In the case study assigned for this week’s discussion, HH, a 68-year old make has been admitted for community-acquired pneumonia for the past three days. His past medical history is significant for COPD, diabetes, hypertension, and hyperlipidemia. HH remains on empiric antibiotics (Ceftriaxone), Rocephin 1mg IV QD day three, and Azithromycin (Zithromax) 500mg IV QD day 3. Since the patient’s admission, his clinical status has significantly improved with decreased oxygen requirements. However, he is not currently tolerating a diet and complains of vomiting and nausea. In addition, he has an allergy to penicillin allergy with a rash as the reaction.
The primary health need for the patient, in this case, is the elimination of his infection and control of symptoms like vomiting and nausea. These needs are a result of his CAP infection. Therefore, when selecting the antimicrobial therapy relevant to the patient, one must identify the microbes responsible for the infection (Ahdal et al., 2019). Some of the common causes include S. pneumonia, mycoplasma spp, staphylococcus aureus, and H. influenza (Koivula, 2020). The drug of choice for S. pneumonia, Mycoplasma spp, and Staphylococcus aureus is Azithromycin (Zithromax). On the other hand, Ceftriaxone is the recommended drug for H. influenza.
A wide array of antibiotics would be recommended for this patient. However, one would take into consideration the patient’s allergy to penicillin. Given the information provided, I recommend continuing current antimicrobial treatment while assessing for any reaction with Ceftriaxone (Rocephin). Cephalosporin could have a cross-sensitivity if the patient has a penicillin allergy.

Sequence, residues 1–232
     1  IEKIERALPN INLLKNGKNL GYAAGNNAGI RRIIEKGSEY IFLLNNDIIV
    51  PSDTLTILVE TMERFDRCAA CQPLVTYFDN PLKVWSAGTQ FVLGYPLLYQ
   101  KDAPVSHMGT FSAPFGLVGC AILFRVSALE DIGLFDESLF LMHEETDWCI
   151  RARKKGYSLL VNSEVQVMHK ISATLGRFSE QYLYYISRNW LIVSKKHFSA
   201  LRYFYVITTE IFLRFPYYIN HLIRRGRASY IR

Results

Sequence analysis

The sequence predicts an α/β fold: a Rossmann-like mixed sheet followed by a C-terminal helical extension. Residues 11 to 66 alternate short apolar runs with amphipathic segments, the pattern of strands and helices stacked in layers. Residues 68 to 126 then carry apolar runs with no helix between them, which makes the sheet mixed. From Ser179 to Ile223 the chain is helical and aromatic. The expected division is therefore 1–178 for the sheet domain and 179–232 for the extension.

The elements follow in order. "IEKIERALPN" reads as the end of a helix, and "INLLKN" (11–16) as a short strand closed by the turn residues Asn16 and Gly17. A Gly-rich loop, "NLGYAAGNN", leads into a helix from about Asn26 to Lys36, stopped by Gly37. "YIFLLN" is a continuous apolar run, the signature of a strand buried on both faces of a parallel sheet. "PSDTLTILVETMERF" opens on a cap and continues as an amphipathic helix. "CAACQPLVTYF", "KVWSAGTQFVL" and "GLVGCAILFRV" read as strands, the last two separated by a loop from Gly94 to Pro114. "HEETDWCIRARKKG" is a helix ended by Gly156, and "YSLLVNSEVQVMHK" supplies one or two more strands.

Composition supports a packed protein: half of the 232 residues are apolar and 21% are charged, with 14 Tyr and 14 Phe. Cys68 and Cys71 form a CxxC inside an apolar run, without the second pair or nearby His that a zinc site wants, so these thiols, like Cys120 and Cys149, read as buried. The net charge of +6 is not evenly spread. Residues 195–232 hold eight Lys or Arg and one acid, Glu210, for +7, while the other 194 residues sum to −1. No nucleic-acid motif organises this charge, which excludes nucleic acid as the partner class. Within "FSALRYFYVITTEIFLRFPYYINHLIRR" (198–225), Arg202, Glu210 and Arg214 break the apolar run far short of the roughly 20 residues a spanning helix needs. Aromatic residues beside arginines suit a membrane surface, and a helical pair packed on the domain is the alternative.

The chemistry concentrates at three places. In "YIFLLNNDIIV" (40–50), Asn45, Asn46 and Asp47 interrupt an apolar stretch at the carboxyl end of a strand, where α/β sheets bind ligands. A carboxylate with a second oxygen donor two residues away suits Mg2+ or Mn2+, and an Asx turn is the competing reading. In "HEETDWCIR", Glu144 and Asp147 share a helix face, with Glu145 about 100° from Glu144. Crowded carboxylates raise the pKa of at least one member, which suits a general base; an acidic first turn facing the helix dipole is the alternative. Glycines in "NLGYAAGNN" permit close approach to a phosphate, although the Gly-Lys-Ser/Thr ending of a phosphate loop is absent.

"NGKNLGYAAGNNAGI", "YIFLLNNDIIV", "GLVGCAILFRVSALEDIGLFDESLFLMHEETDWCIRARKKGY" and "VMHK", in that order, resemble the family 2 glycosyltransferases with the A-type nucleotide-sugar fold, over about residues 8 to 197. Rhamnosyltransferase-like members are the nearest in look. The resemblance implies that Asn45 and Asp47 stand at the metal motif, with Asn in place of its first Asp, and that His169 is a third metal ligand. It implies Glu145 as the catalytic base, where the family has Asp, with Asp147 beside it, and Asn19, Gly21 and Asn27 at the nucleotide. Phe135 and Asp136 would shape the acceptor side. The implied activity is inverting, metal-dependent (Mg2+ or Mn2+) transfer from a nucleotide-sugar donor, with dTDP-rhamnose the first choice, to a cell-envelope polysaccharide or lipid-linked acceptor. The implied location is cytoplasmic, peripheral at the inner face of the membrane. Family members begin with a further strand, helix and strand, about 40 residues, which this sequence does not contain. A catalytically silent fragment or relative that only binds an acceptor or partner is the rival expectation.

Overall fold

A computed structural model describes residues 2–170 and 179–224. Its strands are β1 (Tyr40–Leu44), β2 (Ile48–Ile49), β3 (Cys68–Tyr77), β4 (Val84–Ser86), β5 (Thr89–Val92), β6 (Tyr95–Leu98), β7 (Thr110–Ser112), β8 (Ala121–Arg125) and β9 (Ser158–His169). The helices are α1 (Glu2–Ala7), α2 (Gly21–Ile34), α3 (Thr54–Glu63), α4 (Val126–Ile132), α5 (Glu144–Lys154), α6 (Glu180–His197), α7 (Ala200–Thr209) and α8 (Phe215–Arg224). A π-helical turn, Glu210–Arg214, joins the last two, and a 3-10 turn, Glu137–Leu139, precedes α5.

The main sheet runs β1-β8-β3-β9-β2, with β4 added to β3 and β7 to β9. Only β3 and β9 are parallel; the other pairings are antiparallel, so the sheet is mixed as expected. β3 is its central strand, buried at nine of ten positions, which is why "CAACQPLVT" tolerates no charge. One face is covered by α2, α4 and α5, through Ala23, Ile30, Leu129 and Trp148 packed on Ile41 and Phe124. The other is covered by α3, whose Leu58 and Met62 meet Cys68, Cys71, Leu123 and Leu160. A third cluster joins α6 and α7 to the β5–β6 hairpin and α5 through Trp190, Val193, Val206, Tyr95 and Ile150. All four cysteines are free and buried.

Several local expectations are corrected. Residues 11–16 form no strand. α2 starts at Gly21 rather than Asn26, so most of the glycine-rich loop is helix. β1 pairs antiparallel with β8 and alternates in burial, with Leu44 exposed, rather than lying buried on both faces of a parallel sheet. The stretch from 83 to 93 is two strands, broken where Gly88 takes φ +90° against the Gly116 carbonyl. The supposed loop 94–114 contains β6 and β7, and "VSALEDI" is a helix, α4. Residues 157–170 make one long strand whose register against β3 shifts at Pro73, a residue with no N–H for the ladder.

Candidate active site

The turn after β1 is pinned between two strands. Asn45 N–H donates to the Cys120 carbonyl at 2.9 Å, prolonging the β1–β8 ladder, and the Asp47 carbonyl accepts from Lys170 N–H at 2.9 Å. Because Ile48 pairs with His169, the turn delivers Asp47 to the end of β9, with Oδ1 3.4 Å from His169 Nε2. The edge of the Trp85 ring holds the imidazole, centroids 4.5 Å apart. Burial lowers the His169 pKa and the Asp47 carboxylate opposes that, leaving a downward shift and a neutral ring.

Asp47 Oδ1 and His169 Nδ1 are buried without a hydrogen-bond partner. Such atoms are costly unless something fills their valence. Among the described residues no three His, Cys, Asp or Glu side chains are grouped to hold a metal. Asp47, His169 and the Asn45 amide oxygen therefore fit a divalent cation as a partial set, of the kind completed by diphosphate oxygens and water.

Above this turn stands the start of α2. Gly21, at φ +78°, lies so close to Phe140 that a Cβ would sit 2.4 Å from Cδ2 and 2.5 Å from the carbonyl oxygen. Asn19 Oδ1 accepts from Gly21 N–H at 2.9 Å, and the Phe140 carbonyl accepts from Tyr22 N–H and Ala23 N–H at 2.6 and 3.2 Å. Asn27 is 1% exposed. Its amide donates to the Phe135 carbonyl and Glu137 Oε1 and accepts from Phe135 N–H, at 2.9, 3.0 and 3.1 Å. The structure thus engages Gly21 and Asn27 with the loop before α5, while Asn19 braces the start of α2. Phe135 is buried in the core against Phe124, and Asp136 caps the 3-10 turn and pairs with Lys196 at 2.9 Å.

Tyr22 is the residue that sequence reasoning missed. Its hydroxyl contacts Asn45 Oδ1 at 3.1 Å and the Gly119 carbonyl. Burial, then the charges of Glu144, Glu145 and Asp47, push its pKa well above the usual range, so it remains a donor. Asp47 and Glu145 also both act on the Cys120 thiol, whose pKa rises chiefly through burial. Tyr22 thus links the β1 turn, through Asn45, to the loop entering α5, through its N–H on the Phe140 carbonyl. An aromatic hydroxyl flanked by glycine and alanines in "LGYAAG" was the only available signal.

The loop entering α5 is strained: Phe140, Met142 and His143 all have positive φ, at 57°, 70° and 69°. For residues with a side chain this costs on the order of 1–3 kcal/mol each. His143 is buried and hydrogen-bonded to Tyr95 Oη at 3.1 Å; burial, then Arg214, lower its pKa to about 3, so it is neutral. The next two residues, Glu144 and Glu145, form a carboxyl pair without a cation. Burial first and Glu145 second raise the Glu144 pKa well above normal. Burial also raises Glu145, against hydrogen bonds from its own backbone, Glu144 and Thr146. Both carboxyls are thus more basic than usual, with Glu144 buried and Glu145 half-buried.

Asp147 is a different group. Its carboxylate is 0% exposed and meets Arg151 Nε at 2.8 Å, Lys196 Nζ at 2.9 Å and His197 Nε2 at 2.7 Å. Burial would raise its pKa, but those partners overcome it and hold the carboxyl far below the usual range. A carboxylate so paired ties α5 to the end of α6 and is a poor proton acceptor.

The recommended Azithromycin (Zithromax) dosage is 500mg IV Q24 times two doses and then 500mg PO QD 7-10 days (Ahdal et al., 2019). The antimicrobial treatment currently provided to the patient could address most of the common causes of CAP. Another important reason for continuing the treatment is that it has improved the patient’s clinical status through decreased oxygen requirement (Lam, 2019).
Patient education is an essential aspect of general care for this patient. Therefore, I would educate this patient on the importance of staying up to date with pneumococcal and yearly influenza vaccines, completing his antibiotic therapy as directed, and following up with his PCP once discharged (Lam, 2019). In addition, I would recommend controlling with Ondansetron (Zofran) 4mg Q6 PRN to address nausea and vomiting.
Ahdal, J., Nayar, S., Hasan, A., Waghray, P., Ramananthan, S., & Jain, R. (2019). Management of community-acquired bacterial pneumonia in adults: Limitations of current antibiotics and future therapies. Lung India, 36(6), 525. https://doi.org/10.4103/lungindia.lungindia_38_19
Koivula, I. H. (2020). Epidemiology of community-acquired pneumonia. Community-Acquired Pneumonia, 13-27. https://doi.org/10.1007/0-306-46834-4_2
Lam, K. W. (2019). Surveillance of community-acquired pneumonia in critically ill patients. Journal of Emergency and Critical Care Medicine, 3, 1-1. https://doi.org/10.21037/jeccm.2018.12.06